He was accepted on a scholarship to named Liberty Baptist College in Lynchburg, Virginia. While at Liberty, Johnston became an "associate evangelist" for the college. Jerry received his B. A. from Midwestern Baptist College in Kansas City and his Master of Divinity from Midwestern Baptist Theological Seminary. In May 2012, Johnston and his wife each earned Doctor of Ministry degrees from Acadia Divinity College in Wolfville, Nova Scotia, an entity affiliated with the Convention of Atlantic Baptist Churches. Johnston's doctoral thesis is entitled An Exploration of Rates and Causes of Attrition among Protestant Evangelical Clergy in the United States. In 1998, Johnston delivered Liberty University's baccalaureate speech, Liberty Baptist Theological Seminary awarded Johnston an honorary Doctor of Divinity degree. Johnston controversially used the title "Doctor" based on this honorary degree before earning his undergraduate degree. Through his Jerry Johnston Ministries, a nonprofit organization, Johnston traveled from 1978 to 1996 across the United States and Canada.

His evangelistic crusades were focused on struggling teen issues, including problems with narcotics and Satanism. During his full-time evangelism years, Jerry prepared various videos and wrote eight books on these issues. Among those converted in the Johnston crusade was the Texas evangelist Jay L. Lowder Jr. of Wichita Falls. In 1984, JJM had assets totaling $206,000. During these eighteen years, Johnston spoke worldwide to five million people at more than three thousand colleges and universities, he preached revivals in many churches. By 1993, according to his biography, more than 500,000 copies of Johnston's books, 62,000 videos, a million cassettes of his sermons were in circulation, his sermons have been broadcast worldwide via web video streaming. Launched in 1996, First Family Church saw exponential growth, the church broke ground in 1999; the sanctuary was completed at a cost of $10.1 million. Another $8.5 million was spent in 2006 on expanded facilities. The congregation peaked at four thousand members and was described as among the fastest growing churches in America.

In 2007, the Kansas City Star reported issues relating to financial accountability within First Family Church. In his doctoral dissertation, Johnston attributed the negative media attention to his political conservatism, such as his pro-life convictions and his support for the Kansas constitutional amendment prohibiting same-sex marriage. In 2004, Johnston hosted Jerry Falwell, founder of Liberty University, at First Family Church to rally Christian support in the general election in which U. S. President George W. Bush narrowly defeated John Kerry. At the gathering, Falwell encouraged pastors to be politically involved in their communities. After the constitutional amendment to ban gay marriage in Kansas passed in 2005, Johnston was highlighted as a proponent of the amendment and voiced his opposition to abortion. Journalist Jack Cashill, executive editor of Ingram’s Magazine, agreed with Johnston’s assertions that the pastor was a political media target because of his position as an influential conservative.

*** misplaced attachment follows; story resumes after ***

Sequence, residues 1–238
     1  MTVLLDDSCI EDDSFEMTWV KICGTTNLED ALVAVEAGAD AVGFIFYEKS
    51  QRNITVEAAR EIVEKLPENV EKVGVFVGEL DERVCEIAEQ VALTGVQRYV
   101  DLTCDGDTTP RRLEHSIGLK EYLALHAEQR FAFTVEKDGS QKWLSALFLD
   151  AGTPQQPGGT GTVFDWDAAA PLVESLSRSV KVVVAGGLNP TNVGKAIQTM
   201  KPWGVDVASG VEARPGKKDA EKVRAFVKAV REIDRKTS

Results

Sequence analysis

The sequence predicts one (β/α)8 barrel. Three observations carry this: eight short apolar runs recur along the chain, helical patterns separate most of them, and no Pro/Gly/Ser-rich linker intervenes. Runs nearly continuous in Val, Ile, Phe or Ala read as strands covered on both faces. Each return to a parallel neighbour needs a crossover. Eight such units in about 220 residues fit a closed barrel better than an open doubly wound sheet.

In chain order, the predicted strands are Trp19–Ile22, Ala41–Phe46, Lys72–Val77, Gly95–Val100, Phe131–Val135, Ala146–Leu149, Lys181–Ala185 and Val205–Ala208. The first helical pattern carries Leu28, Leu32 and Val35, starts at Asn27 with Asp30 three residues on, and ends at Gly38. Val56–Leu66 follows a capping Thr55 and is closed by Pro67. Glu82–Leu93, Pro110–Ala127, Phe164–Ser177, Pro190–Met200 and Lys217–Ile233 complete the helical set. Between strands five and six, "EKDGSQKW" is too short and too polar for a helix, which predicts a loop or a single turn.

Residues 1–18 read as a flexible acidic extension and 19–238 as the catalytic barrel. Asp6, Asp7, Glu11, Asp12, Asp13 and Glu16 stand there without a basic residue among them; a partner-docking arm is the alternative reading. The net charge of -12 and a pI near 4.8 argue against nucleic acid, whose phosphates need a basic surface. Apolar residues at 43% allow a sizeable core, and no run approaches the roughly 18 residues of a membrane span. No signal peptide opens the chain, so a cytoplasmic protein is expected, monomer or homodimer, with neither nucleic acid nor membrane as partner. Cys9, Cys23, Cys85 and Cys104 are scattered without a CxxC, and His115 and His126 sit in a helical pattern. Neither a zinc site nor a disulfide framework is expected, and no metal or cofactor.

Tax liens filed by the Internal Revenue Service were resolved in 2008. The Attorney General of Kansas investigated complaints but no violation of the Kansas Consumer Protection Act was found. A blog reported. In September 2011, the church creditor, Regions Financial Corporation, foreclosed on the property; the bank pressed for payment of more than $14 million in outstanding mortgage payments. The elders of the church stated that while the church was current in its monthly payments, Regions Bank accelerated the mortgage maturity from 30 to five years due to the 2008 banking crisis and demanded the full payment of the loan; the elder board said that AG Financial made a cash offer to Regions Bank to finance First Family Church's mortgage, but Regions Bank rejected the offer. The Blue Valley School District, with plans to use the structure as an early childhood facility, paid $9 million for the 51-acre church complex located at U. S. Highway 69 and 143rd Street in Overland Park. Regions Financial Bank had not yet repaid the 2008 TARP loan from the federal government when it sold First Family Church’s loan to Blue Valley School District.

The bank paid back its $3.5 billion in the spring of 2012. 2011 marked a dramatic increase of church property foreclosures. Some of Johnston's relat

Solvalla

Solvalla is a horse racing track located in Bromma, Sweden. It is the largest harness racing venue in the Nordic countries; the last Sunday in May, Solvalla annually hosts Elitloppet, one of the most prestigious international trotting events in the world. International Group I race. Setup: Sixteen invited horses are divided into two elimination heats. Four horses from each heat progress to the final, raced the same day. All races are of 1,609 meters, i.e. one mile. Date: Is always raced on the last Sunday of May. Purse: ≈US$803,000. Elitloppet is always in the last Sunday. During the same weekend there are the Group II races Sweden Cup and the stayer race Harper Hanovers Race, as well as Elitkampen for coldblood trotters. National Group I stakes race for Swedish three-year-olds. Setup: Six elimination races from which the first two horses progressed to the final eleven days later. All races 2,640 meters long. Date: 5 October. Purse: ≈US$458,000. National Group I stakes race for Swedish three-year-old fillies.

Setup: Six elimination races from which the first two horses progressed to the final eleven days later. All races 2,140 meters long. Date: 5 October. Purse: ≈US$286,000. International Group I race. Setup: 2,140 meters. Ten horses competed in the event; some were invited, some qualified through qualification races. Date: 9 August. Purse: ≈US$281,000. Since 2012 the venue has been used as a motor racing venue and hosts a round of the Scandinavian Touring Car Championship. Since the track's opening in 1927, there have been only 14 different driver champions at Solvalla. From 1934 until 1976, one of the three Nordin brothers won every year, with the exception of 1949 and 1975. Oldest brother Gösta won ten times. Youngest brother Sören Nordin was track champion 21 times, their father Ernst J. Nordin was champion 1928 and 1929. After the dominance of the Nordins, Stig H. Johansson took over and claimed the champion title no less than 29 times between 1975 and 2005, his last year as a driver. 27 these titles were consecutive, from 1979 to 2005.

Jorma Kontio is the reigning driver champion. Stig H. Johansson - 194 Official website Venue information